abstract = "OBJECTIVES: This study was designed to test the feasibility of high-resolution phased-array intracardiac imaging. BACKGROUND: Intracardiac echocardiographic imaging of the heart during interventional electrophysiologic (EP) procedures has been limited by inadequate ultrasound penetration and absence of Doppler hemodynamic and flow information produced by rotating mechanical ultrasound elements. METHODS: A 10F (3.2 mm) phased-array, variable 5.5 to 10 MHz frequency imaging catheter with a four-way deflectable tip was applied in 24 patients undergoing EP studies. Sixteen prespecified cardiac targets were imaged from a right heart venue. RESULTS: Fifteen patients had no underlying organic heart disease; nine had ischemic, cardiomyopathic, valvular or congenital heart disorders. Longitudinal and short-axis imaging readily disclosed each cardiac valve, support structures and chamber, as well as the pericardium, right and left atrial appendages, the junction of the right atrium and superior vena cava, crista terminalis, tricuspid valve isthmus, coronary sinus orifice, membranous fossa ovalis and pulmonary veins. The average target depth was 8.8 ± 1.5 cm (range 0.5 to 15 cm), with adequate penetration at a 7.5 MHz imaging frequency. Color flow and Doppler utilities clearly characterized transaortic and pulmonic valve and pulmonary vein blood flow, including during low output states. CONCLUSIONS: These first human studies with this technology demonstrate the methods, feasibility and utility of intracardiac phased-array vector and Doppler imaging for long-axis, apex-to-base global cardiac imaging. High resolution of endocardial structures and catheters suggests additional utility for visualizing interventional procedures from the right heart.",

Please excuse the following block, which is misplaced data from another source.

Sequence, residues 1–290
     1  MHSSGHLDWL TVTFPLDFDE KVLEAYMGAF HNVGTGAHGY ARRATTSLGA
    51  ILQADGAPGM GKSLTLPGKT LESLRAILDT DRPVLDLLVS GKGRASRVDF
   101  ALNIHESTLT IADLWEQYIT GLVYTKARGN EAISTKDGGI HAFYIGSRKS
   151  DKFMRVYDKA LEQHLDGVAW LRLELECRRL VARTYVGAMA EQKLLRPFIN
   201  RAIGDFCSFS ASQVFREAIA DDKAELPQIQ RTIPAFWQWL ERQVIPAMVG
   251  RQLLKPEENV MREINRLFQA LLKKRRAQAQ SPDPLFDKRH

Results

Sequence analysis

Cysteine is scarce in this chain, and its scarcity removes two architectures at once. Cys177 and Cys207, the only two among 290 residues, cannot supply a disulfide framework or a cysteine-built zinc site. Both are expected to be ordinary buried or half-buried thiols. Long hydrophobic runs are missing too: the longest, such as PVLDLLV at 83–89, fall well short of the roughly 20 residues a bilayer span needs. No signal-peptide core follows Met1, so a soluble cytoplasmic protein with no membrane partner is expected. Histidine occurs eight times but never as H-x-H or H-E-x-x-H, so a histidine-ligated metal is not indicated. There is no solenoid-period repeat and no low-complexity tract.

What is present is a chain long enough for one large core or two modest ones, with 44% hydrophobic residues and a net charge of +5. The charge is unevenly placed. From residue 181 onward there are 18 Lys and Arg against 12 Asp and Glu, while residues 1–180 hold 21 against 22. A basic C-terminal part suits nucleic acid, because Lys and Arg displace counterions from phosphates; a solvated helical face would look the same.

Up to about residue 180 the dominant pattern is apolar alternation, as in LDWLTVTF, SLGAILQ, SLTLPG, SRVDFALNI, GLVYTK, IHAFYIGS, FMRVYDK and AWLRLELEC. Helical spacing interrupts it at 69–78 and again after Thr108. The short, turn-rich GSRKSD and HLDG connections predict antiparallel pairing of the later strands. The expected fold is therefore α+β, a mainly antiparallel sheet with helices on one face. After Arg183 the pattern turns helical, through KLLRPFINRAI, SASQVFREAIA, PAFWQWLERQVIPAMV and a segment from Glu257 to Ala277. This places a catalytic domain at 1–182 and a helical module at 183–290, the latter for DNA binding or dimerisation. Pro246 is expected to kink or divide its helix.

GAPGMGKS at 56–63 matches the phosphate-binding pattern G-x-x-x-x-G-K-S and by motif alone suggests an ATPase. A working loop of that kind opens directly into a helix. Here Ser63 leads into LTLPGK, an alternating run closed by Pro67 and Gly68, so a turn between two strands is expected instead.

author = "Packer, {Douglas L} and Stevens, {Carolyn L.} and Curley, {Michael G.} and Bruce, {Charles J} and Miller, {Fletcher A Jr.} and Khandheria, {Bijoy K.} and Oh, {Jae Kuen} and Sinak, {Lawrence J.} and Seward, {James B.}",
year = "2002",
month = "2",
day = "6",
doi = "10.1016/S0735-1097(01)01764-8",
language = "English (US)",
volume = "39",
pages = "509--516",
journal = "Journal of the American College of Cardiology",
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TY - JOUR

T1 - Intracardiac phased-array imaging

T2 - Methods and initial clinical experience with high resolution, under blood visualization: Initial experience with intracardiac phased-array ultrasound

AU - Packer, Douglas L

AU - Stevens, Carolyn L.

AU - Curley, Michael G.

AU - Bruce, Charles J

AU - Miller, Fletcher A Jr.

AU - Khandheria, Bijoy K.

AU - Oh, Jae Kuen

AU - Sinak, Lawrence J.

AU - Seward, James B.

PY - 2002/2/6

Y1 - 2002/2/6